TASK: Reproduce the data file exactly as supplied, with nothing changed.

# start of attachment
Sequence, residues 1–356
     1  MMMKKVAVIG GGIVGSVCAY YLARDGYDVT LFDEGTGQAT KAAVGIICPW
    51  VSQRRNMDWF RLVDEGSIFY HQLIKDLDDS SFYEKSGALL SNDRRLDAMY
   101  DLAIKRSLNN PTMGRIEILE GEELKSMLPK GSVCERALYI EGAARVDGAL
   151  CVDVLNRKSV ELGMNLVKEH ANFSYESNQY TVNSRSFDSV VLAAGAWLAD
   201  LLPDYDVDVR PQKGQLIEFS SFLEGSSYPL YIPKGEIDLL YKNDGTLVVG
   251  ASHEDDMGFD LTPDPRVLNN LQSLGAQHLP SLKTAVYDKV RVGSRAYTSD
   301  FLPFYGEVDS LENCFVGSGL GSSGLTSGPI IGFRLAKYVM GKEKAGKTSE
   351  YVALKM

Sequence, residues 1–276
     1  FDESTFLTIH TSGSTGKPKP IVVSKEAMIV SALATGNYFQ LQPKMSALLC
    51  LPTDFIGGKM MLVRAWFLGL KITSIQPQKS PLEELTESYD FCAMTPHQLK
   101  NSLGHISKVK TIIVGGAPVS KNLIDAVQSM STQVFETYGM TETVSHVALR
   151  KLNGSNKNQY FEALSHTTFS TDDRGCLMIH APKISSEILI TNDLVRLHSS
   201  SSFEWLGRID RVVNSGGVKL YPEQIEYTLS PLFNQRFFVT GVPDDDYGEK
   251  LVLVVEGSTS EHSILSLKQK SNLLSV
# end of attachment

Sequence, residues 1–356
     1  MMMKKVAVIG GGIVGSVCAY YLARDGYDVT LFDEGTGQAT KAAVGIICPW
    51  VSQRRNMDWF RLVDEGSIFY HQLIKDLDDS SFYEKSGALL SNDRRLDAMY
   101  DLAIKRSLNN PTMGRIEILE GEELKSMLPK GSVCERALYI EGAARVDGAL
   151  CVDVLNRKSV ELGMNLVKEH ANFSYESNQY TVNSRSFDSV VLAAGAWLAD
   201  LLPDYDVDVR PQKGQLIEFS SFLEGSSYPL YIPKGEIDLL YKNDGTLVVG
   251  ASHEDDMGFD LTPDPRVLNN LQSLGAQHLP SLKTAVYDKV RVGSRAYTSD
   301  FLPFYGEVDS LENCFVGSGL GSSGLTSGPI IGFRLAKYVM GKEKAGKTSE
   351  YVALKM

Sequence, residues 1–276
     1  FDESTFLTIH TSGSTGKPKP IVVSKEAMIV SALATGNYFQ LQPKMSALLC
    51  LPTDFIGGKM MLVRAWFLGL KITSIQPQKS PLEELTESYD FCAMTPHQLK
   101  NSLGHISKVK TIIVGGAPVS KNLIDAVQSM STQVFETYGM TETVSHVALR
   151  KLNGSNKNQY FEALSHTTFS TDDRGCLMIH APKISSEILI TNDLVRLHSS
   201  SSFEWLGRID RVVNSGGVKL YPEQIEYTLS PLFNQRFFVT GVPDDDYGEK
   251  LVLVVEGSTS EHSILSLKQK SNLLSV